These Planeswalkers are similar, but worse in most ways as they can be killed with direct damage or creatures! So then we must discuss whether they are still worth including in our Limited decks. Vraska, Swarm’s Eminence and Tibalt, Rakish Instigator are very similar, ticking down to create bodies that can directly impact the battlefield. The creatures they create are both defensive, but Vraska’s Assassin tokens can pick off opposing planeswalkers and potentially grow in size.
Getting one body with these abilities for 4 mana is not horrendous, but getting two is quite strong, and you’re more likely to be able to activate her twice as the Deathtouch token will kill any attacker. Tibalt on the other hand doesn’t have a completely cohesive gameplan, and just spits out two Footlight Fiends over a couple of turns. For 3 mana, this isn’t a completely raw deal, but doesn’t really tend towards either an aggressive or defensive game plan, so I’ll be less likely to want to play Tibalt.
Kiora, Behemoth Beckoner is a very interesting case, as it reads more like a global enchantment that has a life total! Untapping permanents in Limited is going to be ‘Untap target land’ in order to help you hit your 5 drop earlier than normal, while potentially drawing you a card in the process. And later in the game, untapping your huge creatures to give them pseudo-Vigilance is going to protect your board and keep you and your ‘walkers alive. Kiora has a clear plan and is one I’m excited to play with in the upcoming Limited season.
Now, if only there was some way to get more counters on these planeswalkers...
Finally coming back after debuting in Scars of Mirrodin many years ago, Proliferate is here to bump your Planeswalker loyalty up so you can get another activation out of them, plus bumping up any +1/+1 counters that you might have on your creatures.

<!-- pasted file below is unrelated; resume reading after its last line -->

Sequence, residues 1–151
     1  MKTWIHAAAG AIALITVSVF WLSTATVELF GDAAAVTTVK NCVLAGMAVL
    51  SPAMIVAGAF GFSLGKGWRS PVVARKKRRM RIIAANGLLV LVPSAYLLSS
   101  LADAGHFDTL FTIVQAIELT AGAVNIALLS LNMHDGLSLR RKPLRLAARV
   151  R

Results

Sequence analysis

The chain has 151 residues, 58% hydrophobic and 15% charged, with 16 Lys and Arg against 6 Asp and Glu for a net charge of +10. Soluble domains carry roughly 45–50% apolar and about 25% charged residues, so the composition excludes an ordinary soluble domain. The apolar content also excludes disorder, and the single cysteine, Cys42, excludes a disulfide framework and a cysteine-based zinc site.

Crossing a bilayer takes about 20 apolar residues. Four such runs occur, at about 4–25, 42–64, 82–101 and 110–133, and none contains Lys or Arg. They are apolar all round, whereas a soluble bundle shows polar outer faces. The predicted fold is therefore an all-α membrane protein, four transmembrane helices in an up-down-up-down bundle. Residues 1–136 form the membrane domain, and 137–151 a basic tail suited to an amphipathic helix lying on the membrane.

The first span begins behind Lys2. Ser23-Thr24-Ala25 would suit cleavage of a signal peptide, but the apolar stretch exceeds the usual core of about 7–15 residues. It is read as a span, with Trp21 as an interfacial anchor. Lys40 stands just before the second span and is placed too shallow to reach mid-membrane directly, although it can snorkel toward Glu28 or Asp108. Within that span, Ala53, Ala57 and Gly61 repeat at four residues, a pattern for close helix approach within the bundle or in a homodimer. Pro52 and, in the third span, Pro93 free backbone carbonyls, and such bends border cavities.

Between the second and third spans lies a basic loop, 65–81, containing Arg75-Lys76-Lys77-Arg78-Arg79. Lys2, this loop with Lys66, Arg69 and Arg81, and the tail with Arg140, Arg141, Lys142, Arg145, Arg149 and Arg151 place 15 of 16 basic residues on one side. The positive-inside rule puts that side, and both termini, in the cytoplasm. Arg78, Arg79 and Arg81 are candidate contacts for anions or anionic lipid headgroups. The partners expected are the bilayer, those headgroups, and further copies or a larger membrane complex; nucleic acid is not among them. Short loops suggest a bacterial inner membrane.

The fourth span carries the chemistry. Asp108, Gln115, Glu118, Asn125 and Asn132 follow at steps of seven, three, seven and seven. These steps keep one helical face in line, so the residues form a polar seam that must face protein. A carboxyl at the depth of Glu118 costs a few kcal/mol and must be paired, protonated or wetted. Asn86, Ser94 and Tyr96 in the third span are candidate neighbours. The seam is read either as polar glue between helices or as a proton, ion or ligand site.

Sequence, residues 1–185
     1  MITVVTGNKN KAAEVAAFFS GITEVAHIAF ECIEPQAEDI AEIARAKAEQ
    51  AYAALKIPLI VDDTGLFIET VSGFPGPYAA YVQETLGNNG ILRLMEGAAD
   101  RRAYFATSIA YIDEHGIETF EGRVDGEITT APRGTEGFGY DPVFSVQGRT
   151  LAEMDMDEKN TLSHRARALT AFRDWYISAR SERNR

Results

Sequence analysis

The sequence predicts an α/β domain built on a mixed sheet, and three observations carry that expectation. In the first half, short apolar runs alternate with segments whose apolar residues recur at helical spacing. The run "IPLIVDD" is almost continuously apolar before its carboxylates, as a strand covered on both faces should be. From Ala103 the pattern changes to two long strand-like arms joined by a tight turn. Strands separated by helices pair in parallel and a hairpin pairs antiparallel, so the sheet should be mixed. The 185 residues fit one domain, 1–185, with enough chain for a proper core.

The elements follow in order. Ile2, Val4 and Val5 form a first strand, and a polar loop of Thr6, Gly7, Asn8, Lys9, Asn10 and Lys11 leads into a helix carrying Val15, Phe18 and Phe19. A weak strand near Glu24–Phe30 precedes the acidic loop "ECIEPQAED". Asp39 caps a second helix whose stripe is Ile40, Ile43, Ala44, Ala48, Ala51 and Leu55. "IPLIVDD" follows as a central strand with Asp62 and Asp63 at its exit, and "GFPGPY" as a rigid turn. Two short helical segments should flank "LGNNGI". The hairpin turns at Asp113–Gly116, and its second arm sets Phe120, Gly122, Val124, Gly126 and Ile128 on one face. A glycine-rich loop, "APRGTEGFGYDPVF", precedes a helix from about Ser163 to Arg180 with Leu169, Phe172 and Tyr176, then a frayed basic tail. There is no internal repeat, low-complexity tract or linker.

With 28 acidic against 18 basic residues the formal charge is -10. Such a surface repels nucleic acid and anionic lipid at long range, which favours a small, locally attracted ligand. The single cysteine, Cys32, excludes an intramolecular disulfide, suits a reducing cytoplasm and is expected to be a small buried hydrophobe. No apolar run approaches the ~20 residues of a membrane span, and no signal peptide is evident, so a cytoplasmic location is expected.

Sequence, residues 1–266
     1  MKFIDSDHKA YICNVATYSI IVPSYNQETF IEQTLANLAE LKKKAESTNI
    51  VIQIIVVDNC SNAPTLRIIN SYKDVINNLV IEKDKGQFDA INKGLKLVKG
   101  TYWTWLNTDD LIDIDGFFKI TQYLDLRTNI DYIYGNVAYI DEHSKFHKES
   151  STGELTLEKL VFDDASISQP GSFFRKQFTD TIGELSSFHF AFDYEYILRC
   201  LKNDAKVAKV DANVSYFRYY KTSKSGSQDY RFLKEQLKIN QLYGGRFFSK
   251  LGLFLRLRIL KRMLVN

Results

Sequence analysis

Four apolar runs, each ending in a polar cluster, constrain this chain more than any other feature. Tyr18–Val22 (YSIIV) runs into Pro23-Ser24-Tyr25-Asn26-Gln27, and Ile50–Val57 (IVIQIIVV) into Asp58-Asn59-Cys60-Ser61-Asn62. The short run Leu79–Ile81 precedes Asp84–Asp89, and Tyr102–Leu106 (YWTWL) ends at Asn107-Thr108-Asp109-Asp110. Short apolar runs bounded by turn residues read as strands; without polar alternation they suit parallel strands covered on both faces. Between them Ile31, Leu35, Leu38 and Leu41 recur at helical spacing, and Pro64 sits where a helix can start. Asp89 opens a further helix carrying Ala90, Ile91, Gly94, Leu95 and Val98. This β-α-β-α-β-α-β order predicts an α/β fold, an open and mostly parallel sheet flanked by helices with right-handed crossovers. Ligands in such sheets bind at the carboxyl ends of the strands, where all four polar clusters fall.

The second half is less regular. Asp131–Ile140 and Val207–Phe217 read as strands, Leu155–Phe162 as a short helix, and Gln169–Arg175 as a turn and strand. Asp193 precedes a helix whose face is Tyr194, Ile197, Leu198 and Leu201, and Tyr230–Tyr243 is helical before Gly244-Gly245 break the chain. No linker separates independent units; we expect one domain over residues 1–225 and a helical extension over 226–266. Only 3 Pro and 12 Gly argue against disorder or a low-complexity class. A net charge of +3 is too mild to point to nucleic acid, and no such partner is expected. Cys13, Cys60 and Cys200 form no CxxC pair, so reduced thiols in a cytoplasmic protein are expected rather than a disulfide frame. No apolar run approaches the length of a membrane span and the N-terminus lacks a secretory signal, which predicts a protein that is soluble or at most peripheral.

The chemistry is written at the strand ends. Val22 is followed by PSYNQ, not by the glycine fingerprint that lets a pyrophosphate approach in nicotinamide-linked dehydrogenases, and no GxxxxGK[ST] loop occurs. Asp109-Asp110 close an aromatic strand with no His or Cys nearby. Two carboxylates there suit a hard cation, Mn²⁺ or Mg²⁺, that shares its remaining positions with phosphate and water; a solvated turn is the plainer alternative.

Karn’s Bastion is an auto-include for any SuperFriends deck, especially in Commander, and is my pick for sleeper $10+ card once this set stops being opened (see cards like Thought Vessel, Reliquary Tower before reprint and Paradox Engine for more evidence about how huge the impact of Commander is on prices).
Wanderer’s Strike is our common white removal spell, and with the added bonus of Proliferating, you’ll want to play as many of these as possible in your Sealed and Draft decks.
Act II of the story is focused on the Gatewatch fighting back against Nicol Bolas and his Dreadhorde, by rallying the inhabitants of Ravnica against the invading army. Awakening of Vitu-Ghazi may be one of the largest power/toughness cards they’ve created for 5 mana, and potentially at instant-speed, no less!
Casting this as an instant at the end of your opponent’s turn then untapping with a 9/9 is truly terrifying. Maybe not as terrifying as attacking in 6 open mana and getting your best creature ambushed by a 9/9, so keep your instant-speed removal handy for this one!
The second part of Act II is the incredible return of the Amonkhet Gods!
Raised from death by Nicol Bolas, and enlisted to fight at the head of the armies, the God-Eternals are here to wreak havoc on Standard and Limited alike. Eschewing the indestructible nature of previous gods for rising from your deck over and over again, these creatures will be an absolute pain to deal with, as you can’t even exile them from the battlefield without them coming back in a few turns! Each of these bodies are far above average, and will warp most games around them. Keep your eye out for any enchantment-based removal to get rid of these bad boys ‘n’ girls.
In Act III of the story, it seems that at least some part of Nicol Bolas’ plan has backfired. After killing Niv-Mizzet, Bolas has accidently revived him, with access to White, Black and Green mana too! This card is tough to cast, but drawing even two or three cards from his ability is not unlikely with the large amount of multicoloured and hybrid cards in the set. As we aren’t aware of the set’s mana fixing, we don’t know whether Limited will be able to support 5-colour decks, but that isn’t going to stop me from trying!
War of the Spark is looking incredible so far, and it’s definitely going to be like no other, with a bevy of Planeswalkers, armies and powerful spells running rampant.Be sure to register for the prerelease next weekend at your local Good Games store!